Edinburgh International Film Festival 2017 reviews Southside Advertiser -God's Own Country, Becoming Cary Grant, Daphne, R.A.I.D., A Night at The Cinema 1914, The Dark Mile, Where is Kyra, Attraction (Pritayjenie), The Beautiful Fantastic, The Midwife

EIFF 2017 REVIEWS Page 1

The Midwife

The Beautiful Fantastic

Attraction (Pritayjenie)

The Dark Mile

EIFF 2017 REVIEWS Page 2

Where is Kyra

A Night at the Cinema in 1914

R.A.I.D. Special Unit (Raid dingue)

Daphne

Becoming Cary Grant

God's Own Country

 

HOMEPAGE

The Midwife Review Wednesday 28th June

Director Martin Provost
Cast Catherine Deneuve (Beatrice), Catherine Frot (Claire), Olivier Gourmet (Paul), Quentin Dolmaire (Simon), Mylène Demongeot (Rolande)
Screenplay by: Martin Provost
Music: Grégoire Hetzel

Dealing with a world that is changing the profession that you love and your job as a midwife changing fast too, Claire (Catherine Frot) makes a stance and refuses to join the new large hospital  team that is more focused on technology and profits than her values of humane caring for her patients.  Her moral stance comes at a price though as the local unit that she works in is being closed down and with it her job.  Claire also has personal domestic issues to deal with, with her son Simon (Quentin Dolmaire) and her own unexpected and blossoming romance with Paul  (Olivier Gourmet). At a time when  Claire can do without more complications in her life, Beatrice (Catherine Deneuve) the former mistress of her father whom she has not heard from in over 30 years, makes contact with her.


What would you do if someone from your past who had hurt you badly and changed your life forever and was the complete opposite of everything that you are re-appeared without warning and in great need of help, friendship and love?  Would you, could you, meet those needs or would you walk away?  These are choices that Claire must make and old memories and personal wounds are re-opened and re-examined from different perspectives as this touching story between too very strong but very different women unfold.


Catherine Deneuve and Catherine Frot are both superb here, and their characters wonderfully contrast against each other.  More importantly though, both can project inner emotion and feelings with the smallest of body movements and expressions.  The script here is a well crafted story, but so much of the depth of this drama is unsaid between Beatrice and Claire and these two great screen performers breathe real life into their respective roles.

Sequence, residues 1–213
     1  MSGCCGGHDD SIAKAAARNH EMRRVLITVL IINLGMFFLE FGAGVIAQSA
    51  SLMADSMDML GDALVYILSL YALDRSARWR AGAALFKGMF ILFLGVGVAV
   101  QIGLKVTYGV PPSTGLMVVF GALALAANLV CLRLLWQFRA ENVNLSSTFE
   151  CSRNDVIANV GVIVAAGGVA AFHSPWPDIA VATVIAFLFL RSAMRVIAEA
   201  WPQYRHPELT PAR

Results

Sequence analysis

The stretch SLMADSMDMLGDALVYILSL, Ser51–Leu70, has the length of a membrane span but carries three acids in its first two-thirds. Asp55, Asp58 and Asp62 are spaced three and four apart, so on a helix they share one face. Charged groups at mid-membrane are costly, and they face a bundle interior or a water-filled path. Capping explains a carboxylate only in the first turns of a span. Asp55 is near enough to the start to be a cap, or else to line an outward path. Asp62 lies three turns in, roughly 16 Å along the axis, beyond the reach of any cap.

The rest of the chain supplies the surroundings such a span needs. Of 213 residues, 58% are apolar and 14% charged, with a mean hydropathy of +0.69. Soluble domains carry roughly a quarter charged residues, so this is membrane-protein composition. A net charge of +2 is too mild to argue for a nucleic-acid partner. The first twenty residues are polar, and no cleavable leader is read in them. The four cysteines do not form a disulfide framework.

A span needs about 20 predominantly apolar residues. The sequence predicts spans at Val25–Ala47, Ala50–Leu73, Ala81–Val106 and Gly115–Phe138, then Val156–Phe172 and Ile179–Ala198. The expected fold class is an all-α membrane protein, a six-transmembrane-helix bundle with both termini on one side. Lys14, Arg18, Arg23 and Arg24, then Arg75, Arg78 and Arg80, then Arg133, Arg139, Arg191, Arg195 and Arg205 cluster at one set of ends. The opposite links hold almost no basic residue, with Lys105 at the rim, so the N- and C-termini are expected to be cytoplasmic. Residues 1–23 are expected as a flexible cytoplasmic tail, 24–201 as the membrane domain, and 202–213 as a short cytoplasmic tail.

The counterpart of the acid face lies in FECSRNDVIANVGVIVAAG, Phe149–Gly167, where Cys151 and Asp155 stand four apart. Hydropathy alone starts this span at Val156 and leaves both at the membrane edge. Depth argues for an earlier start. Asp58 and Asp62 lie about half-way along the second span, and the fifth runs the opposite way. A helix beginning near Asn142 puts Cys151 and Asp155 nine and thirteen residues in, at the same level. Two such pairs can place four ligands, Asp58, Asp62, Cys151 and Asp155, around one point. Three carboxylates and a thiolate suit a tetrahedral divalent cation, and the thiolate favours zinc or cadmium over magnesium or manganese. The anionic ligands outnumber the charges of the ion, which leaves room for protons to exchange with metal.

Olivier Gourmet (Paul) and Quentin Dolmaire (Simon) give solid foundations to the situation that both women reluctantly find themselves in, but this is always the story of  Beatrice and Claire, and Olivier and Quentin understand that in their performances.


The Midwife at its core is a story of two women who come to an uneasy partial acceptance of one another, but at the same time it is also the story of a woman who refuses to become part of a corporate machine that dehumanises her as a person and a professional by placing technology and profits above simple humanity.


Nice to see Mylène Demongeot (Rolande) on screen for a short while too.

Review by Tom King

The Beautiful Fantastic Review Tuesday 27th July

Director Simon Aboud         
Jessica Brown Findlay (Bella Brown), Jeremy Irvine (Billy), Andrew Scott (Vernon), Tom Wilkinson (Alfie Stephenson)
Screenplay by: Simon Aboud


An infant abandoned in a basket beside a local duck pond is discovered by an elderly swimmer after taking his very cold morning exercise.  The infant has been saved from the cold only by the fact that some ducks have settled on top of her and kept her warm.  Taken into care and raised and schooled by nuns, the infant grows into the rather curious child known as Bella Brown.  Bella grows up to be a more curious adult – a reclusive, agoraphobic with more than a little touch of OCD and a fear of fauna.  Bella is also very quirky, highly intelligent and dreams of becoming a writer of children’s books.


When her landlord demands she sort her overgrown neglected garden within a month or be evicted, she has to deal with not only her fear of the outdoors but her grumpy widower of a neighbour Alfie Stephenson (Tom Wilkinson) and his very poorly treated helper and cook Vernon (Andrew Scott).  While all of this is happening, unexpected romance for Bella with quirky inventor Billy (Jeremy Irvine) develops in, of all unusual places, the local library where she works.


With all our central cast now in place, this gentle romantic comedy starts to unfold and through the discovery of the joys of flora, fauna and gardening new self discoveries and friendships are made and even the coldest of hearts are softened  once again.


The Beautiful Fantastic is simply a pleasure to watch and has that elusive and always slightly off centre French feel to its story and performances.  There is a gentle softness to this film and a sense of being taken on a magical journey, and a huge part of that wonder is down to wonderful performances from Jessica Brown Findlay (Bella Brown) and Tom Wilkinson (Alfie Stephenson), and it is the changing relationship between both that is so much the driving force and beauty of this story.  Jeremy Irvine (Billy) and Andrew Scott (Vernon) are of course the much needed final pieces of this beautifully put together jig-saw, and help bring out in Bella and Alfie the best in both of their characters.


The Beautiful Fantastic is simply a wonderful  story beautifully photographed and brought to life by a cast of talented actors, and Jessica Brown Findlay breathes real life into the quirky Bella Brown.